To the Editor:
In a recent commentary, Lawlor1 suggests dropping the term “biologic interaction.” I am not opposed to such a proposal for some of the very reasons Lawlor gives, and I have generally tried to avoid using the term in my own work. However, in abandoning the term “biologic interaction,” I think it is important that we not abandon the concept to which it once referred.
Lawlor claims that “biologic interaction” was used by Rothman2 to describe deviation from additivity in risk differences. This is not quite right. Rothman conceived of “biologic interaction” as the presence of a sufficient cause for the outcome that would operate when 2 exposures were both present. Under certain, relatively strong, assumptions, the presence of such a sufficient cause would be implied by a departure from additivity.
Conceived of in a slightly different way, we may be interested whether, for some individuals, an outcome occurs if both of 2 exposures are present but not if only one or the other is present. If we let Dij denote the outcome that would have occurred for an individual if the first exposure were i and the second exposure were j, we might want to know whether there were individuals such that D11 = 1 but D10 = D01 = 0 (referred to as a “sufficient cause interaction” in my own work3). Such a response pattern implies (but is not necessary for) synergism in the sufficient cause framework.3,4 This outcome pattern moreover does not necessarily imply that the 2 exposures interact physically in producing the outcome5; however, nor is this response pattern equivalent to a statistical interaction.6,7
A similar set of issues has arisen in the genetics literature, with the use of the word “epistasis” for gene-gene interactions. In a recent review article, Phillips8 suggests using “statistical epistasis” for interaction in a statistical model, “compositional epistasis” for settings such as when the outcome occurs if and only if both of the relevant variants are present (D11 = 1 but D10 = D01 = D00 = 0), and “functional epistasis” for the physical interaction of proteins. Some sort of similar nomenclature could be adopted within epidemiology. If we do drop the word “biologic” when discussing interactions, let us not lose sight of the relevant distinctions to which it once pointed.
In closing, I would like to make a plea for the use of the relative excess risk due to interaction (RERI)9 in assessing interaction on the additive scale from case-control studies. RERI is defined by RR11 − RR10 − RR01 + 1, where RRij is the relative risk when the first and second exposures are i and j, respectively, and where the risk ratios can be approximated by odds ratios when the outcome is rare. The additive scale is relevant for assessing the public health implications of interaction. Moreover, under the assumptions of no bias due to confounding, selection or measurement error, the additive scale (and RERI in particular) is useful in detecting the sort of response patterns for which D11 = 1 but D10 = D01 = 0 (“sufficient cause interactions”). If both exposures are never preventive for any individual, then RERI >0 implies the presence of this response pattern5,6; without this no-preventive-action assumption, RERI >1 still implies the presence of this response pattern.5,6 If we are interested in detecting the even stronger notion of interaction that D11 = 1 but D10 = D01 = D00 = 0 (individuals for whom the outcome occurs if and only if both exposures are present) then RERI >2 suffices without any assumptions about preventive action10; RERI >1 suffices if at least one of the exposures is never preventive for any individual; and RERI >0 suffices if both are never preventive. No similar set of conditions is available for the “synergy index”9,11 in all of the various cases considered above. Skrondal11 objects to the use of RERI on the grounds of what he calls the “uniqueness problem” and the “misspecification problem.” In my view, both concerns are exaggerated; moreover both are easily addressed by using a weighting approach to RERI,12 rather than logistic regression,9 to control for confounding.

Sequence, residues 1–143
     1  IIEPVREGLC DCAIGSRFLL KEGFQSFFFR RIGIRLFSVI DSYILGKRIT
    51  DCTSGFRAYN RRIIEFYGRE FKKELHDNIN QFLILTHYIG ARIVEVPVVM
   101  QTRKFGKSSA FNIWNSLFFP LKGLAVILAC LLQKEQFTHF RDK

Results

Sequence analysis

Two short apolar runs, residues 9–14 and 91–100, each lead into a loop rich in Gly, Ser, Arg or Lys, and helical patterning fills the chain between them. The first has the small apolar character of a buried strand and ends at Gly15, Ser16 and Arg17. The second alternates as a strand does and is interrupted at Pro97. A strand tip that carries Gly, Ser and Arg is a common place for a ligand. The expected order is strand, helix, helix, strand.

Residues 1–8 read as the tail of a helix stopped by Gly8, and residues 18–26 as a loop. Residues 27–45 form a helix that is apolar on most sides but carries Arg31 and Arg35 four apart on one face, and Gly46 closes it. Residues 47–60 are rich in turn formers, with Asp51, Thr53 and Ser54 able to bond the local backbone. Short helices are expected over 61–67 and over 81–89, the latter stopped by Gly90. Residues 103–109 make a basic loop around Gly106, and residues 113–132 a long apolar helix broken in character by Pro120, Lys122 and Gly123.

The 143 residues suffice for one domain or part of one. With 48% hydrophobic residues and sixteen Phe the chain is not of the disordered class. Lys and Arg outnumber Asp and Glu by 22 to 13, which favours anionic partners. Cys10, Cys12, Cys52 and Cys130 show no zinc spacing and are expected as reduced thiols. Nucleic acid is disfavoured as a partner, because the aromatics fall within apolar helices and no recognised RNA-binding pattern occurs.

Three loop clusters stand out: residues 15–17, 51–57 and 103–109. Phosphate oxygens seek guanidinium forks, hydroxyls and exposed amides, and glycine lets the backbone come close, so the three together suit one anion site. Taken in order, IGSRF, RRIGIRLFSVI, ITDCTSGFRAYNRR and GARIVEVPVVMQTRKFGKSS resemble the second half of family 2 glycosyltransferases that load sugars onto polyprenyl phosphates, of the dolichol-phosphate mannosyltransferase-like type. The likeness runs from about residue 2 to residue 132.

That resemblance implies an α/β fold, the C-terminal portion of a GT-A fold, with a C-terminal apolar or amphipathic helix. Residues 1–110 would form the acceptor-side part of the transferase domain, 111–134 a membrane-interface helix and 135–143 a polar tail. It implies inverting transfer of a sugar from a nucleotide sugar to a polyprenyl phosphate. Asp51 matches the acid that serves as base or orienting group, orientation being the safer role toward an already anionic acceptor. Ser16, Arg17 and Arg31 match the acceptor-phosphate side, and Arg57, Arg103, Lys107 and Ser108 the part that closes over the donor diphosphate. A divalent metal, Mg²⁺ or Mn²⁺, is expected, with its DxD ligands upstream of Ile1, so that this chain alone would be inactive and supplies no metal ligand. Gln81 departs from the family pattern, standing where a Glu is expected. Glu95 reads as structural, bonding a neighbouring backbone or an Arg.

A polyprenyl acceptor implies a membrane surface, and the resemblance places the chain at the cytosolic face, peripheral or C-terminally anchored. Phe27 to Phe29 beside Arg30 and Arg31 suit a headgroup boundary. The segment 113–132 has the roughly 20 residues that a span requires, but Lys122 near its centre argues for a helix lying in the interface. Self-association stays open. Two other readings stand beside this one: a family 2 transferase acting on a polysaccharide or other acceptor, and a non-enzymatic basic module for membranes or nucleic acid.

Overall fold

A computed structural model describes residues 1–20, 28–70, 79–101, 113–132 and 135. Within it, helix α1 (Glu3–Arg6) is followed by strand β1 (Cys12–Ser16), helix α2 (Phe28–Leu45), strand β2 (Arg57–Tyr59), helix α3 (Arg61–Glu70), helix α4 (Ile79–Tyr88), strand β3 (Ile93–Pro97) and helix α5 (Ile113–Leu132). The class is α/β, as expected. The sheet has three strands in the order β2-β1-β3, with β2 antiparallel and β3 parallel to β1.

Tyler J. VanderWeele
Departments of Epidemiology and Biostatistics
Harvard School of Public Health
1. Lawlor DA. Biologic interaction: time to drop the term? Epidemiology.
2. Rothman KJ. Synergy and antagonism in cause-effect relationships. Am J Epidemiol.
3. VanderWeele TJ, Robins JM. Empirical and counterfactual conditions for sufficient cause interactions. Biometrika.
4. Rothman KJ. Causes. Am J Epidemiol
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5. VanderWeele TJ, Robins JM. The identification of synergism in the suffcient-component cause framework. Epidemiology.
6. VanderWeele TJ. Sufficient cause interactions and statistical interactions. Epidemiology.
7. Rajaleid K, Janszky I, Hallqvist J. In defense of “biologic interaction.” Epidemiology.
8. Phillips PC. Epistasis-the essential role of gene interactions in the structure and evolution of genetic systems. Nat Rev Genet.
9. Hosmer DW, Lemeshow S. Confidence interval estimation of interaction. Epidemiology.
10. VanderWeele TJ. Empirical tests for compositional epistasis. Nat Rev Genet.
11. Skrondal A. Interaction as departure from additivity in case-control studies: a cautionary note. Am J Epidemiol.
12. VanderWeele TJ, Vansteelandt S. A weighting approach to causal effects and additive interaction in case-control studies: marginal structural linear odds models. Am J Epidemiol.